Prostate Cancer: The Cost of Staying Well

Christopher Lukas Health Guide December 11, 2006
  • When I was diagnosed with prostate cancer, I was 65 years old and just becoming eligible for Medicare. Due to an unfortunate error on my part, I didn’t sign up for Part B, which pays for doctors’ services and other outpatient care, in January of that year, though I rectified that mistake within a month. (I had thought that treatment at a hospital would be inpatient; it isn’t. It’s outpatient.)

    Due to an unfortunate error on Medicare’s part, they hadn’t corrected my mistake by the time I went in for radiation treatment. This meant that the cost of 44 radiation treatments and diagnostic tests – approximately $40,000 – at a major New York City cancer center, was to be picked up by me!

    Clearly, this news was upsetting.

    I was not in any position to pay that kind of money. Pleas to Medicare and to the hospital made no difference. I went into a deep funk. Then, luckily, I realized that my senator (Daniel Patrick Moynihan) might be able to help. A wonderful specialist in his office quickly rectified Medicare’s error. In the end, Medicare and my Medigap policy paid the bills.

    All of this came to mind today when I read a report in the Journal of the American Medical Association (JAMA) that says that 49 million Americans are spending 10 percent or more of their family income on healthcare, and that this constitutes a “burden” on those families.
    The Federal Agency for Healthcare Research and Quality (AHRQ) looked at the costs of Americans under the age of 65 and found that one in five are burdened by health costs, in other words spend more than 10 percent of the family income. Eighteen million Americans spend more than twenty percent of family income on healthcare.

    Without even beginning to argue whether 10 or 20 percent of income is burdensome (after all, we spend 30 to 40 percent on housing costs) let’s look at what that would mean for someone pre-Medicare (i.e., before 65) and then ask what it means for someone with Medicare coverage.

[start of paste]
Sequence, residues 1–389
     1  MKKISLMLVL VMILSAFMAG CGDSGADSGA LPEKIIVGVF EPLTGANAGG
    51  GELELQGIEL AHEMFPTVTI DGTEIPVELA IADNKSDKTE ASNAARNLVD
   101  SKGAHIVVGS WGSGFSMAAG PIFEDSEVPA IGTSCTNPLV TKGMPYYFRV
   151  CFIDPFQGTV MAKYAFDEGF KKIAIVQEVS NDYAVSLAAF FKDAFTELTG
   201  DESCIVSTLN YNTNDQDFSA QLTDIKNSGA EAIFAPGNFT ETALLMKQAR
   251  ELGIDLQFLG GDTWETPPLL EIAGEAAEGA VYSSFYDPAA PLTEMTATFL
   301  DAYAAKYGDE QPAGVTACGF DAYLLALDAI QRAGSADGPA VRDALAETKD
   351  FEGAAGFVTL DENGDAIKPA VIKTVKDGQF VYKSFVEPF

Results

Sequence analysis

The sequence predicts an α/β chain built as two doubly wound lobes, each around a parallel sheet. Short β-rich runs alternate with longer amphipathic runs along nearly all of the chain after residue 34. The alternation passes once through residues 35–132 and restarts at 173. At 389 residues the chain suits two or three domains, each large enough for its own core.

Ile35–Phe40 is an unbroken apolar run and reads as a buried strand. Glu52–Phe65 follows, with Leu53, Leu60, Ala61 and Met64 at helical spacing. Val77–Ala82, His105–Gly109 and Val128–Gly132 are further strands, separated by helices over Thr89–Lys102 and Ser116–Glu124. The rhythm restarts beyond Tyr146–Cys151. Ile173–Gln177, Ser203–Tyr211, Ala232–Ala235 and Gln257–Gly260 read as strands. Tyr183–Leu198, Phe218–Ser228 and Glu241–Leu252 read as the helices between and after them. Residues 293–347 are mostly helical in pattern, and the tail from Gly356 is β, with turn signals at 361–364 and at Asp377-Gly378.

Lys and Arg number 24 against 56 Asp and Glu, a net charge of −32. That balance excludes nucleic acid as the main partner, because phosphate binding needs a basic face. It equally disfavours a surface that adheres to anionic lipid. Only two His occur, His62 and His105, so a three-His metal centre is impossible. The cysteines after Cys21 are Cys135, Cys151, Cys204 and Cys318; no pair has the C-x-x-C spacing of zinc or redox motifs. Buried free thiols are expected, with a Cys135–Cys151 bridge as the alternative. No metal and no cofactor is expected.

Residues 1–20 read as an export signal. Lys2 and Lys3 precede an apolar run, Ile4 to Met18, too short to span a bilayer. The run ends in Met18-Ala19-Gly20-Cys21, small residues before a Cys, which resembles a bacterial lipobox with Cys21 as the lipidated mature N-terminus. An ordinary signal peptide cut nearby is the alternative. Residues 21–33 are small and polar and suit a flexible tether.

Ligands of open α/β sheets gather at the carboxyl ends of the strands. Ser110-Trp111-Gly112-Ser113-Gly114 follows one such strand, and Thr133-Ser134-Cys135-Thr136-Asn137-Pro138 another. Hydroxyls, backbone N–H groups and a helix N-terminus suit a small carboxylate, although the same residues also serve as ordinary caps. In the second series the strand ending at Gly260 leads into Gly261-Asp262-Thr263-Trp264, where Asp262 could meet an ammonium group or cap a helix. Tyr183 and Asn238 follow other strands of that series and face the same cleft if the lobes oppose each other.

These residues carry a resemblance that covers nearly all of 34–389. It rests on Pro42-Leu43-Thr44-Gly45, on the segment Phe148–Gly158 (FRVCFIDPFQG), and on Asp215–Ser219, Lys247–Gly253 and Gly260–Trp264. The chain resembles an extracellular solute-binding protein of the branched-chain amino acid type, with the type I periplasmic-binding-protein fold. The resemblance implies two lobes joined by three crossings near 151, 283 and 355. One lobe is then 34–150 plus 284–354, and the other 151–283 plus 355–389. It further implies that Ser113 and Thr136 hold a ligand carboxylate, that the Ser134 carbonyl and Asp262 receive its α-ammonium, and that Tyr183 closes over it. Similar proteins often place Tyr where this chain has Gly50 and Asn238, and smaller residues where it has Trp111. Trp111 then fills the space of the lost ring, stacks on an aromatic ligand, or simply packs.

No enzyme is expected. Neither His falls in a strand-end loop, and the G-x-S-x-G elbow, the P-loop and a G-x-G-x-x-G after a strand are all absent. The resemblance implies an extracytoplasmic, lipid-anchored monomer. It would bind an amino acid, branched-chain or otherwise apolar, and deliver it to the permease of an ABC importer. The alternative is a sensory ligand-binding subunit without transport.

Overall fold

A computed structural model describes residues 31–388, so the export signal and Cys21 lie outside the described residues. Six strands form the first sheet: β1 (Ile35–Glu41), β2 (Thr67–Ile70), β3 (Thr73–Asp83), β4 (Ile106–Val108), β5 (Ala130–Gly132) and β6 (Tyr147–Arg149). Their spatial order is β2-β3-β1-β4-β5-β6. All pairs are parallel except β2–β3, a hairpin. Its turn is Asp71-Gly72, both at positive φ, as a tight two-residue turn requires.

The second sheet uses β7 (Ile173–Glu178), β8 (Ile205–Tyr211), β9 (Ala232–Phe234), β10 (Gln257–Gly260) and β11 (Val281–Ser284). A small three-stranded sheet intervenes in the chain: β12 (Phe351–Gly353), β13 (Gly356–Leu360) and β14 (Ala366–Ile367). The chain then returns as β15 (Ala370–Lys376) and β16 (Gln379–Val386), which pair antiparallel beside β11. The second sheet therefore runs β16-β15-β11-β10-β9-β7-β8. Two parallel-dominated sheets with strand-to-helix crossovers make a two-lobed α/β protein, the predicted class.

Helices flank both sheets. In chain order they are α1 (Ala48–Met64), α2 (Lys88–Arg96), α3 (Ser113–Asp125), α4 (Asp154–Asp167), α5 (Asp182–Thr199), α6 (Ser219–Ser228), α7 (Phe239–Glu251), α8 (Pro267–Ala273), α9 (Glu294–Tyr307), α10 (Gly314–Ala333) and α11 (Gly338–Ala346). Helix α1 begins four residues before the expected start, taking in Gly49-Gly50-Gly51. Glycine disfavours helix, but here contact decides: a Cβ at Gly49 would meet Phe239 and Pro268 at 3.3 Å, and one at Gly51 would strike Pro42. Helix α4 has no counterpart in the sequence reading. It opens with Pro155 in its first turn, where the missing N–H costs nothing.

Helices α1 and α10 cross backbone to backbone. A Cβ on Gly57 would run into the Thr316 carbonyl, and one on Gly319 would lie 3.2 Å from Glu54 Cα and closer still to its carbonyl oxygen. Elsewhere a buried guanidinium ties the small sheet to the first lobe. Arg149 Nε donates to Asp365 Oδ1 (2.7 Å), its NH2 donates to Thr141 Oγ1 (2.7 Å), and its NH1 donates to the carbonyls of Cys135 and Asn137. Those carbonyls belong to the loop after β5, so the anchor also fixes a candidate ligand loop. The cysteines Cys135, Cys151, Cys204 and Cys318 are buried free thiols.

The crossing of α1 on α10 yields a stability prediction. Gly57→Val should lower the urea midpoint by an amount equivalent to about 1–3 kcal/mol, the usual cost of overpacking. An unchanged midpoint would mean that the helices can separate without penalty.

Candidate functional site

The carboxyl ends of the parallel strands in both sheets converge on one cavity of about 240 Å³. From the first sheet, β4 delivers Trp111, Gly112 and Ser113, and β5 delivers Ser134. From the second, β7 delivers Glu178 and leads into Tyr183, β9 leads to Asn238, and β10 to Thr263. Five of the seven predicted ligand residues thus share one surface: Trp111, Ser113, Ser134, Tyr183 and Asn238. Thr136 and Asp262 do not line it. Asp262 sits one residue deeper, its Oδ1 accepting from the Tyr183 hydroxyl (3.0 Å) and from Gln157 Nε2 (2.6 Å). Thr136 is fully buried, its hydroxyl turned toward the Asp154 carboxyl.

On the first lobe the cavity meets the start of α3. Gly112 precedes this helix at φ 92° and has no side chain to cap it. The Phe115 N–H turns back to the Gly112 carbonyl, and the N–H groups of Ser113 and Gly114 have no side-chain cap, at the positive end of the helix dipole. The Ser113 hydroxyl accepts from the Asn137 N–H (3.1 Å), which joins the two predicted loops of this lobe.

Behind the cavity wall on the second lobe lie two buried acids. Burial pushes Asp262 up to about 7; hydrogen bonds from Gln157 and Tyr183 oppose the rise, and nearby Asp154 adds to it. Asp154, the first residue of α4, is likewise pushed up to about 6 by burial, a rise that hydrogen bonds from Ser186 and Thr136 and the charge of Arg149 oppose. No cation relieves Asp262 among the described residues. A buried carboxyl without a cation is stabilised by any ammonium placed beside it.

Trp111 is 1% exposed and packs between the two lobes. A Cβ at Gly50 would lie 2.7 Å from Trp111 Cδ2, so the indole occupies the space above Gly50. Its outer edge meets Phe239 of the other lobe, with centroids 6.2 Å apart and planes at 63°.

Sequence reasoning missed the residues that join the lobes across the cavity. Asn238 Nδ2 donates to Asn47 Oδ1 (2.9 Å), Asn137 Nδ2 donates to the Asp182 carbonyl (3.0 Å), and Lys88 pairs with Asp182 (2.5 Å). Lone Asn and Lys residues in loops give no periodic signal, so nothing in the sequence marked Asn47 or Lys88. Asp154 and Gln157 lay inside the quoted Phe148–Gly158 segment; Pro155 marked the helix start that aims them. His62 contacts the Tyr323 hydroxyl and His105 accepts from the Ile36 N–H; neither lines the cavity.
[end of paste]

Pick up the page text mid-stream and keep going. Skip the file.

First, the costs of prostate cancer care:

    This depends when and how you’re diagnosed, and where and how you’re treated; while my particular costs soared past $30,000 (or, at least, that’s what the hospital charged for radiation), according to the Mayo Clinic, for surgery, radiation, or seed implantation, the average cost was about $6,500, no matter which treatment was chosen.

    If I had been making $60,000 a year (gross), that would certainly mean that my prostate cancer costs were already more than 10 percent of my income.

    Health insurance costs Americans – on average – about $2,700 per family (if the costs are shared with an employer), about twice that if paid for without employer help. But what about health insurance? Maybe you’re one of the 40 million Americans who don’t have it.

    All of this makes figuring out how prostate cancer affects you extremely difficult.

    If you’re paying $5,000 for insurance, then you pay only 20 percent of the cost of treatment – or $6,000 in the case of my example above, or $1,200 as a co-pay if you have that lower cost treatment.

  • Now, what about if you do have Medicare? Well, that’s a much smaller cost for the insurance itself (for Part B, I pay about $90 a month, and that comes out of my social security payments -- $1100 annually.) Then, I have to pay the 20 percent co-pay, drugs (or Part D insurance), so if I have prostate cancer treatment costs between $6,500 and $30,000, my part of that payment (plus my insurance costs) is $2,500 to $7,000. Then there are all the other co-pays for the year.
    If I also have Medigap insurance, add about $3,000 to my yearly costs, but subtract the co-pays.

    Confusing enough? Now, start figuring out your family’s income for the year, and do the math.
    Are you spending more than 10 to 15 percent of your family’s income on healthcare each year?

    Is that burdensome to you?

    One thing we all can do, however, is to check out whether we need certain treatments; whether there are options that are both safe, effective, and lower in cost.

    • There’s always watchful waiting for those of you with a low Gleason.
    • Some experts are now looking at a new kind of ultrasound that can do the job of C.T. scan in some cases.
    • Others are suggesting that cryotherapy (using very low temperatures to freeze tumours) may be cost-effective.

    It’s up to you to assess your own situation. But one thing the AHRQ study makes clear: millions of families are spending more and more on healthcare, and that’s problematic.